Donald Macleod reveals some of the wealth of music English composer Benjamin Britten wrote during his remarkably successful career in the light of two enduring influences - his life partner, the tenor Peter Pears and his beloved native county of Suffolk.
The BBC helped advance Britten's career by broadcasting two chamber pieces he had composed whilst still a student at the Royal College of Music. He was soon writing soundtracks for the GPO Film Unit as well as incidental music for the theatre, TV and radio. Donald introduces music from those early years including one of Britten's best known soundtracks for the GPO - 'Night Mail', and two works written during his wartime years in America - the Seven Sonnets of Michelangelo, written for Pears, and his first opera, based on the story of the mythological lumberjack, Paul Bunyan.
The first ever Aldeburgh Festival took place in June 1948. Donald Macleod introduces part of Britten's cantata St Nicholas, premiered on the opening night, plus extracts from two operas, both set in Suffolk - the dark tale of Peter Grimes, set in a fishing village based on Aldeburgh and the comedy Albert Herring, about a socially inept young man destined to be crowned May King.
By 1952, when the Aldeburgh Festival was in its 5th year, Britten was nearing forty. By then, he and Pears were very much part of the fabric of the community there. Donald Macleod introduces Canticle II: Abraham and Isaac, which was premiered at the festival that year, extracts from two more operas - the first based on Henry James' ghostly novella Turn of the Screw and the second on Shakespeare's Midsummer Night's Dream, plus another fairy-tale work - the ballet Prince of the Pagodas, complete with magical evocation of the Balinese gamelan.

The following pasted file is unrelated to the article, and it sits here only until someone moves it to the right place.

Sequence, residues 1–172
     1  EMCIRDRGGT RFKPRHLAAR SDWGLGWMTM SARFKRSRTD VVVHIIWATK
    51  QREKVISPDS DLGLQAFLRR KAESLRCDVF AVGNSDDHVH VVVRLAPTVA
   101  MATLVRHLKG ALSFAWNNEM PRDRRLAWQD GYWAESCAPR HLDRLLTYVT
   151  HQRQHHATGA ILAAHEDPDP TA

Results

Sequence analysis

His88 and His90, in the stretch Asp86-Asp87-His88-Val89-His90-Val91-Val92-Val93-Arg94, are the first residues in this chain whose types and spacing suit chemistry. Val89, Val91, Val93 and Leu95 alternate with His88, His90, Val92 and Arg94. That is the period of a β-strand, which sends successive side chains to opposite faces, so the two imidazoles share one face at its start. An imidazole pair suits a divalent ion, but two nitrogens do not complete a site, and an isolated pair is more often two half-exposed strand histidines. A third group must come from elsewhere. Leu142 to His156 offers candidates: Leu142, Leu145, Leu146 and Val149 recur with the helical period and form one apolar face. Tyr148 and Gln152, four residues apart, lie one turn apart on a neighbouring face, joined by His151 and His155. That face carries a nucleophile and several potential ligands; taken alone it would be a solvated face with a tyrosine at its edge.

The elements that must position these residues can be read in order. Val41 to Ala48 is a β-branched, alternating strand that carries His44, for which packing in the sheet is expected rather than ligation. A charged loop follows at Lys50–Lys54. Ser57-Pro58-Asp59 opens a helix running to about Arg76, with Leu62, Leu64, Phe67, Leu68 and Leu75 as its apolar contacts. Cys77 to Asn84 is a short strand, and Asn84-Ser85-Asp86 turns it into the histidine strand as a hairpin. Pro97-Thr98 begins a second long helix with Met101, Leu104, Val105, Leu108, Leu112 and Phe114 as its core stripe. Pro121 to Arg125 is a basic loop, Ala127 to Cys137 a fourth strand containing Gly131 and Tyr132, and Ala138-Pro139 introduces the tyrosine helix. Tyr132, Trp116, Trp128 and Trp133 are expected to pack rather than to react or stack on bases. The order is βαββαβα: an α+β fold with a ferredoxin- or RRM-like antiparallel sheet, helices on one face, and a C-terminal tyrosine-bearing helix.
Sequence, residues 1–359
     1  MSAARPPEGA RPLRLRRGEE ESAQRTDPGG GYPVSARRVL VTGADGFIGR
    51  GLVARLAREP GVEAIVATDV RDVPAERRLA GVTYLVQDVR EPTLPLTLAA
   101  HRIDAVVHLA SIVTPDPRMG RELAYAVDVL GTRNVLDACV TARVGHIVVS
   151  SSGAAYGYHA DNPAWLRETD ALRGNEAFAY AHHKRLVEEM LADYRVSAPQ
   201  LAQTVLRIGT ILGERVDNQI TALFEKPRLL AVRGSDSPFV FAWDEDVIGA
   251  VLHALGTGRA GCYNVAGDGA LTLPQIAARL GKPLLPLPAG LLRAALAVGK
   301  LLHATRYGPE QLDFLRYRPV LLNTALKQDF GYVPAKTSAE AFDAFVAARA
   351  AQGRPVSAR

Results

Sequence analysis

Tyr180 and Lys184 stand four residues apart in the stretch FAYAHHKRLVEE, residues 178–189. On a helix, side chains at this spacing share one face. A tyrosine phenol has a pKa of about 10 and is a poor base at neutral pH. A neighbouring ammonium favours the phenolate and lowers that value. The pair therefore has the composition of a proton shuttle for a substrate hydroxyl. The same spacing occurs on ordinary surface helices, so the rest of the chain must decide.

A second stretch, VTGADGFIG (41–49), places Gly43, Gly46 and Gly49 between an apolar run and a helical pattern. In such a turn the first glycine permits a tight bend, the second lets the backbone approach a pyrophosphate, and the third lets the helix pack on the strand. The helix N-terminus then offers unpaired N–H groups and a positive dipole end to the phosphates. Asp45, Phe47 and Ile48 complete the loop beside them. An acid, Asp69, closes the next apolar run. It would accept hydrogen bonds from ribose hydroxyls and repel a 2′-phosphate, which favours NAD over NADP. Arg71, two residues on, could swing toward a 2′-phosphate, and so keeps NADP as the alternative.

In September 1960, Britten had the good fortune to meet the Russian cellist Mstislav Rostropovich who became a close friend and inspiration behind five works for cello, and a song cycle for him and his wife, the singer Galina Vishnevskaya. In the fifth programme, Donald introduces the final song from the cycle - The Poet's Echo - together with part of the Cello Suite No.2, plus an extract from the intensely moving War Requiem and the second of Britten's church parables, The Burning Fiery Furnace.
Britten had struggled with ill health throughout his life. He put off much needed heart surgery in order to complete his final opera, Death in Venice, premiered at the Aldeburgh Festival in 1973. In the fifth programme Donald Macleod introduces an extract from that work which features the last major role he would write for his life partner Peter Pears, plus a movement from one of his rare late chamber works, the string quartet no.3, and an excerpt from a performance of his dramatic cantata Phaedra, sung by its dedicatee, Janet Baker.